• Gifts may be given for general or specific purposes. The donor’s intentions for a donation will be documented and the University will seek to honour those intentions. Subject first to the express wishes of the donor, RMIT has absolute discretion to determine how a gift will be used. Depending on whether the donation was a gift from a living donor or a bequest, Advancement will in conjunction with the Vice Chancellor decide on the future process.
  • Gifts must be adequate for the intended purpose. RMIT will consider any financial impact or risk to RMIT which would result from accepting a gift. RMIT may decide at its absolute discretion to decline a gift. This decision will be undertaken in consultation with the Advancement Office.
  • RMIT will not accept gifts which are the proceeds of criminal activity, gifts obtained by illegal means or gifts from the tobacco and gambling industries or gifts which do not align with RMIT’s values.
  • Prior to formally accepting a major gift, the Advancement Office must be informed and support acceptance.


  • An endowment is an investment fund in which the capital is preserved and annual disbursement is restricted to all or a portion of the income from the investment, such that the activity or project funded may be supported in perpetuity.
  • Gifts to be invested as an endowment, where the intention is for funds to be invested to ensure ongoing support for beneficiaries from the investment earnings, may be made to RMIT University. Subject first to the express wishes of the donor, RMIT has absolute discretion to determine how distributions from endowments are to be used. This will be undertaken in consultation with the Advancement office.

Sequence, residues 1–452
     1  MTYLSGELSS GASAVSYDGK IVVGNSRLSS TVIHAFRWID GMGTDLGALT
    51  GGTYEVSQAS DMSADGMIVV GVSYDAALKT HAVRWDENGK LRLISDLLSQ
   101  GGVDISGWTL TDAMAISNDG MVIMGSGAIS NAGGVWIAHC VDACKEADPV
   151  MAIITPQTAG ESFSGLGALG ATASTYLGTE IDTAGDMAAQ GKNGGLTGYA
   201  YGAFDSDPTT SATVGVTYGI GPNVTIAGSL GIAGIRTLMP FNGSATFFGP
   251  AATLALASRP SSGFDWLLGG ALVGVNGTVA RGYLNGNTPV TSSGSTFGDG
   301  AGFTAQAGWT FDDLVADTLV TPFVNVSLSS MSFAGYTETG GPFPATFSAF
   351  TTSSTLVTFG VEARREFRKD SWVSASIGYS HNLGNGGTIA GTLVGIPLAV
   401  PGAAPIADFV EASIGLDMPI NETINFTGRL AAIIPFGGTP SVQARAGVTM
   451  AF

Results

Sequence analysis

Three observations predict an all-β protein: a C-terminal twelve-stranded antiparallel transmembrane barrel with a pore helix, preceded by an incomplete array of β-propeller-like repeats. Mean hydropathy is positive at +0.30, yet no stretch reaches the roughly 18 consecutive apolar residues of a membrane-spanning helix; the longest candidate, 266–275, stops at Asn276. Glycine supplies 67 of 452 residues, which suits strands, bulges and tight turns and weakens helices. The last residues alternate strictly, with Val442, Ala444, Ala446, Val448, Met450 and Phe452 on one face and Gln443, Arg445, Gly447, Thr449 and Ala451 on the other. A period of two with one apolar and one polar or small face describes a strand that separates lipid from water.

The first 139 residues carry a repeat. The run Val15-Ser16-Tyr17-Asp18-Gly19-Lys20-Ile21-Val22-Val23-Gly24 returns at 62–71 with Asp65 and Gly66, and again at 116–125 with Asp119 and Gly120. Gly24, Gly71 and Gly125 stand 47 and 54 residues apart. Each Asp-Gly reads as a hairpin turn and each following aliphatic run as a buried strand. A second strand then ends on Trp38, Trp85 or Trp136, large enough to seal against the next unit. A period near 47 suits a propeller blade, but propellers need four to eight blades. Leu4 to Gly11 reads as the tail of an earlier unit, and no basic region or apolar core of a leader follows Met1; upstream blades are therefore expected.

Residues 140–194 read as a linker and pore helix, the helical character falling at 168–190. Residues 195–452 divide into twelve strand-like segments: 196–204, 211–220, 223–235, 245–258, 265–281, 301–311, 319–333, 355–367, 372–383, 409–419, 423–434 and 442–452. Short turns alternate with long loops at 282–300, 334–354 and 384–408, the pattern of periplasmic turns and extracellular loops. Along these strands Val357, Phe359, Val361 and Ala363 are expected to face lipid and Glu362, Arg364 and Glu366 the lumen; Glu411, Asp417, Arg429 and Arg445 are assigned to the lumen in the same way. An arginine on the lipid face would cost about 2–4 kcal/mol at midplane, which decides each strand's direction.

Naming and recognition

  • RMIT may choose to recognise significant benefaction via naming which may include but is not limited to facilities, academic appointments and programs. Advancement Office must be consulted prior to any external discussions regarding philanthropic naming recognition, and recognition naming proposals must be in accordance with the Naming University Facilities Policy.
  • All approvals for naming are to be approved by Vice Chancellor or Council as per delegations.

Management of philanthropic income

  • RMIT Financial Services is responsible for the processing and reporting of all philanthropic income for RMIT University. The University is responsible for the acquittal and delivery of philanthropic projects in accordance with donor intentions. Advancement is the central point of contact for support and assistance in managing philanthropic income and donor relations.
  • RMIT must issue receipts for tax-deductible gifts in accordance with ATO requirements.


  • RMIT protects a donor’s right to privacy and manages personal information in accordance with the RMIT Privacy Policy and relevant privacy legislation. Donors requesting anonymity will not be publicly recognised.
  • Information on philanthropic gifts donated to RMIT is recorded on RMIT’s central fundraising database (Raiser’s Edge), and financial records are recorded in RMIT’s finance system. These records are used for regulatory reporting.